Wanderlei Silva
Vitor Belfort (vs. Bisping, Rockhold, Henderson)
Tim Kennedy
Lyoto Machida
Glover Teixeira

Submission of the Night:

Chan Sung Jung
Nate Diaz
Chael Sonnen

In total, 18 of the 30 listed fights (60%) had at least one post-event bonus recipient.

Finishes by Round

Round 1

Round 2

Round 3

Round 4

Round 5

Decision

11 (36.7%)

7 (23.3%)

2 (6.7%)

4 (13.3%)

0 (0%)

6 (20%)

Finishing Methods:

Round 1 KO/TKO - 10/30 (33.3%)
Round 2 KO/TKO - 5/30 (16.7%)
Round 3 KO/TKO - 2/30 (6.7%)
Round 4 KO/TKO - 2/30 (6.7%)
Round 5 KO/TKO - None

Round 1 SUB - 1/30 (3.3%)
Round 2 SUB - 2/30 (6.7%)
Round 3 SUB - None
Round 4 SUB - 2/30 (6.7%)
Round 5 SUB - None

DECISION - 6/30 (20%)

Who benefited most from the two extra rounds?

Mark Hunt (vs. Antonio Silva). At the end of 3 rounds, the judges scored the fight a split decision in favor of Silva (29-28, 28-29, 29-28). His 10-8 5th round turned a split decision loss into a draw.

Gray Maynard (vs. Clay Guida). I know no one in their right mind wants to revisit this fight, but Guida was ahead 30-27, 29-28, and 29-28 after 15 minutes against Gray Maynard. The judges unanimously awarded Maynard the final two rounds to win a split decision.

Mauricio Rua (vs. Dan Henderson). Shogun lost, but I'll explain myself a bit later. Henderson destroyed Shogun over the course of 3 rounds, and nearly knocked him out in the 3rd. Shogun turned the ship around and won the last two rounds and while he lost 48-47 (X3), just about any sensible person could've watched round 5 of that fight and scored it 10-8 Shogun thus a draw.

What can we gather from this data?

  • Whether at bantamweight or heavyweight, the finishes are frequent. Yes, the sample size is only 30 fights, but the early finishing rate of 80% 7 weight classes indicates that the "fewer finishes" belief is completely incorrect. And if you had any fears about heavyweight main events being five round disasters with both men teetering on the brink of falling over due to sheer exhaustion, you'll see that only 1 of 6 heavyweight bouts has ventured past round 2, and that turned out to be a pretty good scrap. The only surprise is that every middleweight fight has ended in a KO or TKO, with Chris Weidman's 17 KOs of Mark Munoz skewing the data drastically before Josh Rosenthal stopped the fight.
  • The UFC is putting on higher quality main events, particularly on the Fox networks. With the UFC adding divisions 125-145 and women's 135 (and next year, women's 115), it gives the UFC a greater opportunity to populate their PPV main events with title fights and their TV cards with smaller title fights and improved headliners. In the Spike TV era, Fight Nights were primarily populated with TUF alums, as the show was broadcast on the network, and they obviously believed that the audience would tune in because they were familiar with the fighters. Virtually every PPV from 2012 to the present day has had at least one title fight, and the ones that haven't were the result of late cancellations, thus causing a switch to a replacement three-rounder. Aside from Hendo/Shogun, Franklin/Silva, and Lesnar/Overeem, all of the other five round main events have been on Spike, FX, Fuel TV, Fox, Fox Sports 1, or Fox Sports 2.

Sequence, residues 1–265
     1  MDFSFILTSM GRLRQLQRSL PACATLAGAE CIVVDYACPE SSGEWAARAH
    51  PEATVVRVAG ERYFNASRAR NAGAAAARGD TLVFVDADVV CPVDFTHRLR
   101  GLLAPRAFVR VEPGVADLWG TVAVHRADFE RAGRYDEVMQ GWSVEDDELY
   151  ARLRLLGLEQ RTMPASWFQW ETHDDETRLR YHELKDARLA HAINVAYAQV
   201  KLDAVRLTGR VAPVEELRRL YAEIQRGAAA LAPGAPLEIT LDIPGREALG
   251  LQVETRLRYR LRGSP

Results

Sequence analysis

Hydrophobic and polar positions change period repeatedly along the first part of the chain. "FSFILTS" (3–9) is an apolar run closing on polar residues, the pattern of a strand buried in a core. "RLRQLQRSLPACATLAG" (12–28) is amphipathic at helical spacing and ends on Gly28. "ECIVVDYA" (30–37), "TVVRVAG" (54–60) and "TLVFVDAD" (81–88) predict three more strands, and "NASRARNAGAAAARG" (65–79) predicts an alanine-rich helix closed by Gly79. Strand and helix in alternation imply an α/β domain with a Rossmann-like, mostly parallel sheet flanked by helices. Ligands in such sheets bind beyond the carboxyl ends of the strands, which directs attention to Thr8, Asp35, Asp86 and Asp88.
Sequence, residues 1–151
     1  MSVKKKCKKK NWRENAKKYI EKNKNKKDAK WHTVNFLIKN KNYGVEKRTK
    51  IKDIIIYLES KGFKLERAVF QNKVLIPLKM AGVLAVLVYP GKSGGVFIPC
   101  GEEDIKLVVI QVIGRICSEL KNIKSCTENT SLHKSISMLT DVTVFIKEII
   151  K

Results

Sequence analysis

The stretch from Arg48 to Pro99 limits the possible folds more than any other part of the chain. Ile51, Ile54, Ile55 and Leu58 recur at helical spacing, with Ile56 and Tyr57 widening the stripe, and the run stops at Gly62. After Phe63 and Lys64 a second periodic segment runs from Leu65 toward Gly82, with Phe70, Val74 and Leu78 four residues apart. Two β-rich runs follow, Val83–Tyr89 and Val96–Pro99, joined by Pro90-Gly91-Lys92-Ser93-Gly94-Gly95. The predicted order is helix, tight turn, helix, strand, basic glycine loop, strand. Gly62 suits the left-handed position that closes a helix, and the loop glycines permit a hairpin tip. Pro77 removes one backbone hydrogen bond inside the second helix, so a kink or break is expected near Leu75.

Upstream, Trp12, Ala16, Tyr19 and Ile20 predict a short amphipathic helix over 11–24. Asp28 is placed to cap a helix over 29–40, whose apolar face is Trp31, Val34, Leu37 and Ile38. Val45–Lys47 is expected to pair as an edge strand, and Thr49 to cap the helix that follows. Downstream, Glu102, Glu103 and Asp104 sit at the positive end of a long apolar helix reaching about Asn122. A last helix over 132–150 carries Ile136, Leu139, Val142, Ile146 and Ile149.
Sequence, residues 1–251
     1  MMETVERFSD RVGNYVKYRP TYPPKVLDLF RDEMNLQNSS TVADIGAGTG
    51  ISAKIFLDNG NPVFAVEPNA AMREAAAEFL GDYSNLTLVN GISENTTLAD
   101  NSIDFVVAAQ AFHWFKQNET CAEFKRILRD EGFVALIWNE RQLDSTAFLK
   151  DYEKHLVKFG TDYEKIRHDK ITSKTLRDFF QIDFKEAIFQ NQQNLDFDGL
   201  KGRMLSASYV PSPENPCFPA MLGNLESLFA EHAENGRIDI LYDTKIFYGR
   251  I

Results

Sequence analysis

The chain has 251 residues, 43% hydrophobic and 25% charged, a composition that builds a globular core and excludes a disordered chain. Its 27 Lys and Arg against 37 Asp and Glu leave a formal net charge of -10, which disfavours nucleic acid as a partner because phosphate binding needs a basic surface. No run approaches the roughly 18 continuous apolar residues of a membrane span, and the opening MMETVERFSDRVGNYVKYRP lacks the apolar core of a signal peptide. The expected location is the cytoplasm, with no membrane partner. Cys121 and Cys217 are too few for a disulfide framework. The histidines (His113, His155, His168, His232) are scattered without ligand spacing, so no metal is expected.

• Yes, the additional two rounds have been vital when needed. Carlos Condit, Urijah Faber, Chan Sung Jung, and Mauricio Rua all scored 4th round finishes. All four of those fighters were assuredly ahead on the cards after 3, but they all turned decision wins into either a KO or a submission. Mark Hunt's draw against Antonio Silva was earned due to two judges scoring the 5th round a 10-8. Only 10 fights have reached the 4th round, but 60% have ended in a stoppage or a decision where at least one of the final two rounds changed the outcome of the fight.

As for the above quoted comments (that were admittedly made before the UFC's current broadcasting methods were implemented), I fail to see how a five round non-title bout degrades "championship" bouts. How "special" is it for an MMA promotion in Virginia to run a title fight between two unknowns that lasts five rounds while a battle between top 10 ranked UFC fighters is only scheduled for three? Even within the context of the UFC, you should be able to distinguish Miocic/Struve from Cain/JDS without worrying about the glamour and importance of the latter. In professional MMA you either have three or five rounds, which is not the same as boxing, where a pro bout can be four, six, eight, 10, or 12 rounds.

After some early skepticism, it looks like five round main events are here to stay and will soon be embedded in UFC culture as normal. The question becomes whether or not we'll see five round fights expand beyond just the main event and towards select co-mains in the same vein as Carlos Condit/Johny Hendricks, Lyoto Machida/Phil Davis, or even Rashad Evans/Chael Sonnen. I certainly hope so.